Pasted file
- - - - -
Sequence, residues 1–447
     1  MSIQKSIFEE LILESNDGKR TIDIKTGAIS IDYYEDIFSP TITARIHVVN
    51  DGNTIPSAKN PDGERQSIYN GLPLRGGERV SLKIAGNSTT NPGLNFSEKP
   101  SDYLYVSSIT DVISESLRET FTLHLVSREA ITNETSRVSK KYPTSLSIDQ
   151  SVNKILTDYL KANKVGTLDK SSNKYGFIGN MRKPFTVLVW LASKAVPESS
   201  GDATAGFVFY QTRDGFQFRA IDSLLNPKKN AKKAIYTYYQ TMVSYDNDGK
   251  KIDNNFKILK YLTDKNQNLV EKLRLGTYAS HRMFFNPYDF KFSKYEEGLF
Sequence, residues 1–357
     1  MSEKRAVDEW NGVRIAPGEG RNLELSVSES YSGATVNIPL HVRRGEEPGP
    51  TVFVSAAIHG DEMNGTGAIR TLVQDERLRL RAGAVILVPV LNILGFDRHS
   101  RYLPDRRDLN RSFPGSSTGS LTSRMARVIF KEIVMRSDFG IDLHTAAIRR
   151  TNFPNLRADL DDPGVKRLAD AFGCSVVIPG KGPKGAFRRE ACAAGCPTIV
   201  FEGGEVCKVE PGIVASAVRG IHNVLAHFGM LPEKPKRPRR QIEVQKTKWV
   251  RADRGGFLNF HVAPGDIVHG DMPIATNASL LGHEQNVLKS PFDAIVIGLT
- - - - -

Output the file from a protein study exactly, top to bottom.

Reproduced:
Sequence, residues 1–447
     1  MSIQKSIFEE LILESNDGKR TIDIKTGAIS IDYYEDIFSP TITARIHVVN
    51  DGNTIPSAKN PDGERQSIYN GLPLRGGERV SLKIAGNSTT NPGLNFSEKP
   101  SDYLYVSSIT DVISESLRET FTLHLVSREA ITNETSRVSK KYPTSLSIDQ
   151  SVNKILTDYL KANKVGTLDK SSNKYGFIGN MRKPFTVLVW LASKAVPESS
   201  GDATAGFVFY QTRDGFQFRA IDSLLNPKKN AKKAIYTYYQ TMVSYDNDGK
   251  KIDNNFKILK YLTDKNQNLV EKLRLGTYAS HRMFFNPYDF KFSKYEEGLF
Sequence, residues 1–357
     1  MSEKRAVDEW NGVRIAPGEG RNLELSVSES YSGATVNIPL HVRRGEEPGP
    51  TVFVSAAIHG DEMNGTGAIR TLVQDERLRL RAGAVILVPV LNILGFDRHS
   101  RYLPDRRDLN RSFPGSSTGS LTSRMARVIF KEIVMRSDFG IDLHTAAIRR
   151  TNFPNLRADL DDPGVKRLAD AFGCSVVIPG KGPKGAFRRE ACAAGCPTIV
   201  FEGGEVCKVE PGIVASAVRG IHNVLAHFGM LPEKPKRPRR QIEVQKTKWV
   251  RADRGGFLNF HVAPGDIVHG DMPIATNASL LGHEQNVLKS PFDAIVIGLT